What are you trying to prove? That you are bigger, better, richer, happier, handsomer, more interesting and desirable than anyone else? Compared to whom? And why?
Proving is an interesting concept. Why do we think we have to prove anything? What if you did not have to prove anything to anyone? Wouldn’t that be liberating?
Proving is what we do when we think we are not enough. If you don’t think you are successful enough you will spend your time doing things to prove to others you are successful and then, if they finally notice your success, you will be successful. The catch is, everyone is worried about their own success and doesn’t notice yours, so you will never think you are successful. Isn’t that a bit crazy?
Shakespeare wrote, ‘To thine own self be true’—a father’s brilliant advice to his son in Hamlet. Good advice although not easy to follow if you are trying to prove to others you are bigger, better, richer, happier, etc. What does it mean, ‘to thine own self be true’? To me it means choosing to be and do what resonates with me as true, honorable, respectful, enjoyable and authentically me. It means choosing what makes me happy and when I’m happy I’m always more productive and successful and attractive and fun to be with. What if you chose that—being true to yourself? Try it for a day or a week or a lifetime.
What are you trying to prove? My mother used to say that to me when she thought I was doing something unacceptable or outrageous. When I look back, I was always doing something different than my family members chose and that difference was frowned upon. I also see that for many years I was trying to prove my worth to my family: trying to show that what I chose was as important and meaningful and worthwhile as their choices, and therefore not wrong. When I finally realized that I did not have to prove my worthiness to my family to feel worthy to myself, I felt as though I’d shed a hundred pounds. And, guess what? I’m happier and I enjoy my family more! Are there places in your life where you are still proving yourself worthy to your family?
Are you always trying to prove you’re right? That is a big trap many of us fall into in our relationships, our jobs, our businesses: our lives. What if we did not have to be right? Or wrong? We are taught to always choose to be right. We spend so much time proving ourselves right about everything. How right we are that we can’t do something or be something or change something. How right we are that we can’t afford x or travel to y or learn z. What if, instead, we chose something different?
Something different? What can possibly change a lifetime’s habits? ‘Proving’ is what everyone does—why would I be different? And how?
Here’s what I do: When I realize I’m trying to prove something; I step back and look at why I am trying to prove that. When we try to prove something it’s because we believe the opposite is true. For example, if you are trying to prove you are sexual, underneath it is usually because you have a lot of judgment about sex. If you are trying to prove you are a kind, caring person, underneath you believe you are unkind and selfish. If you are trying to prove you are intelligent it’s because you believe you are not. (We won’t talk about where you picked those beliefs up from, that’s a PhD thesis for someone.)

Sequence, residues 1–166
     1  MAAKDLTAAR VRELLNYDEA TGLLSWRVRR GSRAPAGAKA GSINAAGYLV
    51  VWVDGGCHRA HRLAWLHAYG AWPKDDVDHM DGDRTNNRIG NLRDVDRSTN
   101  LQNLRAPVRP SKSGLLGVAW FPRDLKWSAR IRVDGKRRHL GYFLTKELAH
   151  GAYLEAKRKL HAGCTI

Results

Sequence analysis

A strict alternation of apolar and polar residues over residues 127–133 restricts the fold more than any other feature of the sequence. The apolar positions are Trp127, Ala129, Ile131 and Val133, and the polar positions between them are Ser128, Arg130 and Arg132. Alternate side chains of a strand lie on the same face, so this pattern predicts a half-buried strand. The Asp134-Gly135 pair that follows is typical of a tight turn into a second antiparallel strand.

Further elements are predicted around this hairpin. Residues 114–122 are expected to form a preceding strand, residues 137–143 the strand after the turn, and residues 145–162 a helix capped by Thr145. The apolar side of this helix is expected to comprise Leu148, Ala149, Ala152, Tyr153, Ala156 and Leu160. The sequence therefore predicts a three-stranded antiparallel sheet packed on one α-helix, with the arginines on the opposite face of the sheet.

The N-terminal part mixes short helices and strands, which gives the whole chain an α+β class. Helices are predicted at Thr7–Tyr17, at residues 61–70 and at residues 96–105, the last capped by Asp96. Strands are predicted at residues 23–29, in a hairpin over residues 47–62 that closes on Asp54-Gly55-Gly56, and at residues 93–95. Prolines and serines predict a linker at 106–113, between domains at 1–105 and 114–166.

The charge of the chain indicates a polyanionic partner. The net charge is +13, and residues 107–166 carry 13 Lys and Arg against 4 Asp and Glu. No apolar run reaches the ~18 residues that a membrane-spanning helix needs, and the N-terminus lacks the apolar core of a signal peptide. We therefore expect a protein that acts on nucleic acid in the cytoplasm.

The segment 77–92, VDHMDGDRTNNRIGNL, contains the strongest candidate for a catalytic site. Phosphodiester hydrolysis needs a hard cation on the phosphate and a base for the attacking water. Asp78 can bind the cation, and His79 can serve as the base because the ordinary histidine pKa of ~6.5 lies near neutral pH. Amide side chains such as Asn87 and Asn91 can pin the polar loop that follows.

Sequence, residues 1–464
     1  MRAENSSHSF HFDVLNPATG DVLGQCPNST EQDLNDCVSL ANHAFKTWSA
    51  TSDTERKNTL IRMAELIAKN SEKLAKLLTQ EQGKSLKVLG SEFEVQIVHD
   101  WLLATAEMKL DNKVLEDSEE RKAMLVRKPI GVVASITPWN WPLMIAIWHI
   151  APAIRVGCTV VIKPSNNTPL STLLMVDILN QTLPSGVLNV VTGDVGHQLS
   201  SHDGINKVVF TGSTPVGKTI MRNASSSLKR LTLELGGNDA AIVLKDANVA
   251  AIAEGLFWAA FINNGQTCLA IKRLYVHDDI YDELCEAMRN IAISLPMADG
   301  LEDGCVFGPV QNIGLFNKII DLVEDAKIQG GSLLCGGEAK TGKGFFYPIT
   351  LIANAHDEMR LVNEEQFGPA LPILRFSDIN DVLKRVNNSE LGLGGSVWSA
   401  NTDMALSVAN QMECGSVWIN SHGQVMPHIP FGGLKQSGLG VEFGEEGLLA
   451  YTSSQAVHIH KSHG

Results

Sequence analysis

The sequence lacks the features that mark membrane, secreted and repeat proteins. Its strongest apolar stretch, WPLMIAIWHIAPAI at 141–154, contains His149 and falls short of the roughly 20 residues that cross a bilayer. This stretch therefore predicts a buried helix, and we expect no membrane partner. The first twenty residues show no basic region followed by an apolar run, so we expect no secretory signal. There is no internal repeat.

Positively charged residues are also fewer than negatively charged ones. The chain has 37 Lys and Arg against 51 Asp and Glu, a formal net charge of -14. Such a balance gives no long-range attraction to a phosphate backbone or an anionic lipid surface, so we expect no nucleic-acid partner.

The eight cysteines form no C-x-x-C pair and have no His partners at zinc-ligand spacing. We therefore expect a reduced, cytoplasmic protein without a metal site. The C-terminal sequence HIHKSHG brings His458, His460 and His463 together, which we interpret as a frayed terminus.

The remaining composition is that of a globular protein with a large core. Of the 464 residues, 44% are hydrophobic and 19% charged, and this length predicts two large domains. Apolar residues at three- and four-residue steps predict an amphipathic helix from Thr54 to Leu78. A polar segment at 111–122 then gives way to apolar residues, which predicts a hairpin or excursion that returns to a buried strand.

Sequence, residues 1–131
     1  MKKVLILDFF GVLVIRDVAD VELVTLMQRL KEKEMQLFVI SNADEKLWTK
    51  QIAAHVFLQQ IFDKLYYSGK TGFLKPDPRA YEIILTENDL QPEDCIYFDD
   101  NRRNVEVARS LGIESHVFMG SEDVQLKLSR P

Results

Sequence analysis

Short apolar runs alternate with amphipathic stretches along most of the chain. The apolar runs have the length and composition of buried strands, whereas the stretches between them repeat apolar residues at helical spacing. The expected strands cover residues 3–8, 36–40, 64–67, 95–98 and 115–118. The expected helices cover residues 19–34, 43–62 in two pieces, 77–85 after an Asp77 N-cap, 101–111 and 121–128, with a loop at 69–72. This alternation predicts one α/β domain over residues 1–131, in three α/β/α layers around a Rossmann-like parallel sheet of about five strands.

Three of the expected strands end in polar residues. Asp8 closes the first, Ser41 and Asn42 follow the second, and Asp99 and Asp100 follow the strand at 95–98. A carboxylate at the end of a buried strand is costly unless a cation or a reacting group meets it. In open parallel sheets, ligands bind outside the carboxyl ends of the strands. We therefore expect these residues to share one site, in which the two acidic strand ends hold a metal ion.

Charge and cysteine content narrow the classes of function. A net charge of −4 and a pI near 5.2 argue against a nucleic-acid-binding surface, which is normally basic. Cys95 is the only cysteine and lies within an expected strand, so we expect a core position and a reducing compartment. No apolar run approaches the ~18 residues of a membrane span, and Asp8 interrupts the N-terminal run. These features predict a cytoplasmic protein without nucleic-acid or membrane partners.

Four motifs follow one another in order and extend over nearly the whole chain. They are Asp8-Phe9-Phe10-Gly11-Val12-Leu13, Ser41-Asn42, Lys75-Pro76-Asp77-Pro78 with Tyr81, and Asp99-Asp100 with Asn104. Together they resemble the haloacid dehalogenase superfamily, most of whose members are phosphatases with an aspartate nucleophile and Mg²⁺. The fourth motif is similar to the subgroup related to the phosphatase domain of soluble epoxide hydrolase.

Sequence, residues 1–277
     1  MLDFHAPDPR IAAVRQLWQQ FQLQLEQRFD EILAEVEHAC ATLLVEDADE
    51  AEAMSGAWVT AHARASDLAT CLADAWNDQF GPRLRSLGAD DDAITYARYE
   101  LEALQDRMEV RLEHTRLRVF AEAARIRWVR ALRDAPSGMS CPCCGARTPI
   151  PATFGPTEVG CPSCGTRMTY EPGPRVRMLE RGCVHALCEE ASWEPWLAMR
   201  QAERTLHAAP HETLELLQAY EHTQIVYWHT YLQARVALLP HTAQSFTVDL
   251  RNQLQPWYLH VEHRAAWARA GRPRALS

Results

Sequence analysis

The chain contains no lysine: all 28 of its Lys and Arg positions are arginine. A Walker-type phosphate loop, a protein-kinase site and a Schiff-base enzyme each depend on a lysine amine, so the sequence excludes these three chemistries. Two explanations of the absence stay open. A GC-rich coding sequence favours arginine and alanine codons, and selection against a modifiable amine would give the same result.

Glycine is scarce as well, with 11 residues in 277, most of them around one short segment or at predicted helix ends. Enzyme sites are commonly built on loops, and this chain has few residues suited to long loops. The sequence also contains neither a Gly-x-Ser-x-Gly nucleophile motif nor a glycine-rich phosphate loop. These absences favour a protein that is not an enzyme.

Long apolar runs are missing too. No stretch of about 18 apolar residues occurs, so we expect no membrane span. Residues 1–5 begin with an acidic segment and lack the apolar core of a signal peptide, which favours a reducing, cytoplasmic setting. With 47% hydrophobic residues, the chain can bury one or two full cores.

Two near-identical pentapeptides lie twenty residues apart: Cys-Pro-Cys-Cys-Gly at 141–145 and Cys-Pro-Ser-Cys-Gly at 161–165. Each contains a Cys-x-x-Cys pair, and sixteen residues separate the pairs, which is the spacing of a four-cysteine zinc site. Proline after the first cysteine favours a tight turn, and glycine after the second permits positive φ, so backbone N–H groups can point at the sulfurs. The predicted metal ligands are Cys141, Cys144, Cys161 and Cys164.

Take a look at what you are ‘proving’ in your life and turn it around 180 degrees. It might seem crazy or, at the very least, counterintuitive, but celebrate it! Celebrate the thing you are trying to prove isn’t an issue. Celebrate that you have judgements about sex. Celebrate that you are the most unkind, selfish person you know; that you are unintelligent, etc. Just try it out, with champagne, which is my preferred way to celebrate anything. (enjoy another quote from Shakespeare, “daylight and champagne reveal not more”, Malvolio in Twelfth Night)
And then, after you’ve celebrated being unkind and selfish (or whatever your particular belief is), you might find that you start laughing at yourself because you’ve realized you are not always unkind and selfish. Then, the next step is: what if you didn’t have to prove anything? That’s a rather freeing possibility. Almost feels peaceful, right? What a radical concept! Peaceful…
We don’t have to spend all our time judging ourselves. We can just ‘be’ with what we see are our limitations, be in allowance of them and be grateful for them. Another radical concept—gratitude.
Peaceful and grateful. Would you be willing to try that for a few days and see if that is more pleasant and, ultimately, more productive than proving?
So, my step by step process is to 1) catch myself trying to prove something, 2) face it, 3) turn it 180 degrees, 4) celebrate it (which might include some laughing at how silly the belief is, 5) be grateful for it and in allowance of it, 6) choose something different.
We send you off to make some new choices with Shakespeare (and Polonius’) recipe for success, “To thine own self be true, and it must follow, as the night the day, thou canst not then be false to any [one].
Christopher Hughes is a communications mentor, arts and antiques curator. He has an undergraduate degree in Opera and Song from the University of Western Ontario and a master’s degree in Integrated Marketing and Communications from QUT. Chris spent time in the world of professional opera and later used his voice in various industries, from singing telegrams to voiceovers for videos, cartoons and elevators. He is currently the Managing Director and curator at the Antique Guild in Brisbane and Vice President of Australian Antique an Art Dealers Association. Chris facilitates classes for Right Voice for You and The Elegance of Living; both special programs by Access Consciousness. Learn more here. He desires is to help people to “live beautifully” and encourages everyone to always take the best things off the shelf and use them, including the best parts of themselves. Follow his work here.